New technology on the way to public safety dispatch offices in Suffolk County will help clear the confusion about responding to addresses in areas that border two jurisdictions, even when calls are made from cell phones.
Matt Jones, director of information management for the Suffolk County Police Department, met with Riverhead officials yesterday to discuss “NextGen 911,” a new enhanced 911 technology that will show dispatchers the location of a call’s point of origin and will flash an alert on their computer screen if the address is in another jurisdiction.
NextGen 911 is an Internet Protocol-based system that allows digital information — voice, photos, videos, text messages — to flow from the public, through the 911 network, and on to emergency responders.
It’s “a faster, more flexible, resilient, and scalable system that allows 911 to keep up with communication technology used by the public,” according to the 911.gov website.
The county will have the new system installed and working by the end of June, Jones said.
NextGen 911 will then be installed in the dispatch offices for the town and village police in Suffolk, Jones said. The upgrade will be made at county expense, he told the town board.
Manorville residents Clare Bennett and Cheryl Smith, who were among a group of residents complaining to the town board about emergency response times to their area, which borders Brookhaven town, attended the meeting.
Area residents have had their 911 calls routed to Suffolk County dispatchers in Yaphank. They say they’ve also been told by Riverhead Town dispatchers that they are in Brookhaven and therefore in Suffolk County Police jurisdiction, not Riverhead’s. They also say first responders — including EMS and police — have mistakenly gone to addresses in Wading River. There are duplications in street names and there had been an error in the Verizon e-911 database which has since been corrected, Riverhead Police Chief David Hegermiller said.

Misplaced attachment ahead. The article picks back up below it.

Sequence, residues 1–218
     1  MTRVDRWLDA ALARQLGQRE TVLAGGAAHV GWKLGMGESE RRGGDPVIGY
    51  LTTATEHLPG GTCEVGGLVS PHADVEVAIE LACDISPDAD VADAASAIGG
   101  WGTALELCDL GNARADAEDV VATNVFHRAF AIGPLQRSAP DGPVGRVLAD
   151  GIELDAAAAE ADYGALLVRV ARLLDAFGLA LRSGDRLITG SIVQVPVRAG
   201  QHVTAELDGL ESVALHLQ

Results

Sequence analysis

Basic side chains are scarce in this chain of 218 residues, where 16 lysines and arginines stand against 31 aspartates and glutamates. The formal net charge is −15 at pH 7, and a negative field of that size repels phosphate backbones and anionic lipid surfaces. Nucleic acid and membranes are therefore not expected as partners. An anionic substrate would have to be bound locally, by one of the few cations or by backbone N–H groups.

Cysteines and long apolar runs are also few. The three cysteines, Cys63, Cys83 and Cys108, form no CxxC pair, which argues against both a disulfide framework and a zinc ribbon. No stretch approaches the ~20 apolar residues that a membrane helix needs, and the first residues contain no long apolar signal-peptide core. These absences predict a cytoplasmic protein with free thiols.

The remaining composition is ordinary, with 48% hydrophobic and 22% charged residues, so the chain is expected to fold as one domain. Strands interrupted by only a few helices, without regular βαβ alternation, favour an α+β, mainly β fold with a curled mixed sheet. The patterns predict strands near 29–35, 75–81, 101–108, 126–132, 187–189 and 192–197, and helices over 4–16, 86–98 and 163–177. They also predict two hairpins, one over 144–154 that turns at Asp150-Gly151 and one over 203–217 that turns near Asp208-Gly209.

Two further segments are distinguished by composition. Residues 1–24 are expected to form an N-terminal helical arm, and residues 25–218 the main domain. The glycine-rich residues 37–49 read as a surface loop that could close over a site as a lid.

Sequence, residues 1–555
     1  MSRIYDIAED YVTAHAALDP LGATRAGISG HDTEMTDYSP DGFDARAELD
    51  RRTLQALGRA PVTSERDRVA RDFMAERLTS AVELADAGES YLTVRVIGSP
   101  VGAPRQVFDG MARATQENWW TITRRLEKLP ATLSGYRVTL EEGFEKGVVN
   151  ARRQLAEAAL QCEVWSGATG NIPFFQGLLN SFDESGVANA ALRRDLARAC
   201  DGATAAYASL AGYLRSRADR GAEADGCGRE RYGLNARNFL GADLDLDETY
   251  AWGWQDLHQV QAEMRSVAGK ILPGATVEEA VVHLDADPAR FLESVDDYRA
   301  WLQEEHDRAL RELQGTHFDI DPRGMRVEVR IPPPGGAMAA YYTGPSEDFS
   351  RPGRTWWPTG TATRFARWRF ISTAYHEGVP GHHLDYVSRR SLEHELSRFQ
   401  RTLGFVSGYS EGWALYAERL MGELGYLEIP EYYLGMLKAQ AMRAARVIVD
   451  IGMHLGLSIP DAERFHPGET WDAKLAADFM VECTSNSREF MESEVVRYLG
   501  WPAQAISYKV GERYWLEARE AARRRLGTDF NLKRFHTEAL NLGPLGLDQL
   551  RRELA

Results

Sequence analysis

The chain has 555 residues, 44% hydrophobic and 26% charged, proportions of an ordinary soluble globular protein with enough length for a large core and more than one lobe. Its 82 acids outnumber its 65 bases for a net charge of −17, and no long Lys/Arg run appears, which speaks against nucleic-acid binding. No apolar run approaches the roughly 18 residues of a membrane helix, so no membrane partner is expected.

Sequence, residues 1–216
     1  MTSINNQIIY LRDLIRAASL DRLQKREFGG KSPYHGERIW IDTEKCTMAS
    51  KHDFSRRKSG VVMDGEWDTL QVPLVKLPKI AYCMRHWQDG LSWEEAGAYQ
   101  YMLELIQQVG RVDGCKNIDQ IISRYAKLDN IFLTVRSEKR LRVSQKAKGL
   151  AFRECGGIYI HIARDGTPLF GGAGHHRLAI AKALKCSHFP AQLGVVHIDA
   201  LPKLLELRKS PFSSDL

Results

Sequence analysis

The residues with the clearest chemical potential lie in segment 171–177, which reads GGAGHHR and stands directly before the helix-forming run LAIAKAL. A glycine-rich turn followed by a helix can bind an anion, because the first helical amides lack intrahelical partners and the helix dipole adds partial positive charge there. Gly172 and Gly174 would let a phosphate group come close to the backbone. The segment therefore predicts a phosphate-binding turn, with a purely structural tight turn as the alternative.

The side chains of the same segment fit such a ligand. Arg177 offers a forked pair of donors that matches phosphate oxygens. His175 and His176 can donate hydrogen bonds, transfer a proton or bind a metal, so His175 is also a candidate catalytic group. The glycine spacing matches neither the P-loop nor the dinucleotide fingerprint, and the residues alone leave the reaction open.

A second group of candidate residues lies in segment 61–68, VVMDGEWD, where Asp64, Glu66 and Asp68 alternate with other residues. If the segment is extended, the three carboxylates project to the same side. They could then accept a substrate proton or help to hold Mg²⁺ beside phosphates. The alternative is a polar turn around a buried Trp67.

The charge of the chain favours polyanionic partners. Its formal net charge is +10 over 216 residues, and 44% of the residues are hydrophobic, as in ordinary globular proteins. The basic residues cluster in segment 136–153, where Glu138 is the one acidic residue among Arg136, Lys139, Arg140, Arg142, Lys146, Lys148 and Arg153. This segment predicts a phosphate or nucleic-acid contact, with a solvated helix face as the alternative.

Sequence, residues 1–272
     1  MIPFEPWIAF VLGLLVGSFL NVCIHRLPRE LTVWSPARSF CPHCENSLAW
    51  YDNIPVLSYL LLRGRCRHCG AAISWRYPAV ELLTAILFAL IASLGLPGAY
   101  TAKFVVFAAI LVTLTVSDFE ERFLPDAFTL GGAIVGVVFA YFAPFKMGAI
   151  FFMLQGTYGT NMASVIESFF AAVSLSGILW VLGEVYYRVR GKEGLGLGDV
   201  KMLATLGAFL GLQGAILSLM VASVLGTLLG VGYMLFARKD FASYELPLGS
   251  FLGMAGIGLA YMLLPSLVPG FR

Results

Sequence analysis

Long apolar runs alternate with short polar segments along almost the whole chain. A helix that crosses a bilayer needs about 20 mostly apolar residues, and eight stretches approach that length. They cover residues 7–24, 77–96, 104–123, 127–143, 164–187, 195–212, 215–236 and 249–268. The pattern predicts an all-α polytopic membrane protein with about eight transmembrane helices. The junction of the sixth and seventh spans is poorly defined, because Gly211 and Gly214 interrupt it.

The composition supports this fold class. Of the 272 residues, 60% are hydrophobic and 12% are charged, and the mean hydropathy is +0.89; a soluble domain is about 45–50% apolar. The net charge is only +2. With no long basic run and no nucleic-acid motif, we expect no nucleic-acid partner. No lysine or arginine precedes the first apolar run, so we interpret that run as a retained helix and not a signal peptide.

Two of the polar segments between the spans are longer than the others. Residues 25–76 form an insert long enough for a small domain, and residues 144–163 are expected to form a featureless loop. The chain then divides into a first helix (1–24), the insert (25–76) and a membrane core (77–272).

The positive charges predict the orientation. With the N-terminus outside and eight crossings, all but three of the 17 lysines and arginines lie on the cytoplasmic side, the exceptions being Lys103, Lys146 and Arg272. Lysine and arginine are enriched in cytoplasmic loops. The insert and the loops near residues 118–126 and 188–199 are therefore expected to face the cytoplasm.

“This is all well and good and sounds like we’re on the right path,” Bennett said, thanking deputy town attorney Dan McCormick for his efforts to help resolve these issues over the past six years.
“But the underlying issue to me is that in the police car on the computer screen Oakwood Drive comes up as ‘Calverton/Manorville.’ That’s where the human factor comes in. People don’t think of Calverton as being south of Grumman,” she said. “They think Grumman and north, so they end up in Wading River.” There is another Oakwood Drive in Wading River.
Smith said on one occasion she called the police three times. Responding officers went to Wading River.
Hegermiller said that was human error and the 911 system was not a factor.
“Hopefully we’ve straightened that out now,” the chief said.
Area residents in 2012 and 2013 asked the town to have their neighborhood, which is just outside the Manorville ambulance district, made part of that district. A Manorville Community Ambulance station, located on South Street in Manorville, is located less than three miles away. The Riverhead ambulance headquarters, located on Osborn Avenue in central Riverhead, is a little more than 10 miles away.
At the time, Riverhead officials said they would pursue the possibility of an intermunicipal agreement between the EMS agencies to effect that change. No agreement was ever successfully negotiated. The idea was to swap responsibility for portions both districts, but an agreement could not be reached, despite many meetings, Supervisor Sean Walter said in an interview.
“But we’ve come to realize that the problem isn’t really district boundaries so much as cell tower communications and training,” Walter said. “The new system will really help and hopefully we’ve addressed the training issue, so responders won’t be going to Wading River instead of Manorville.”
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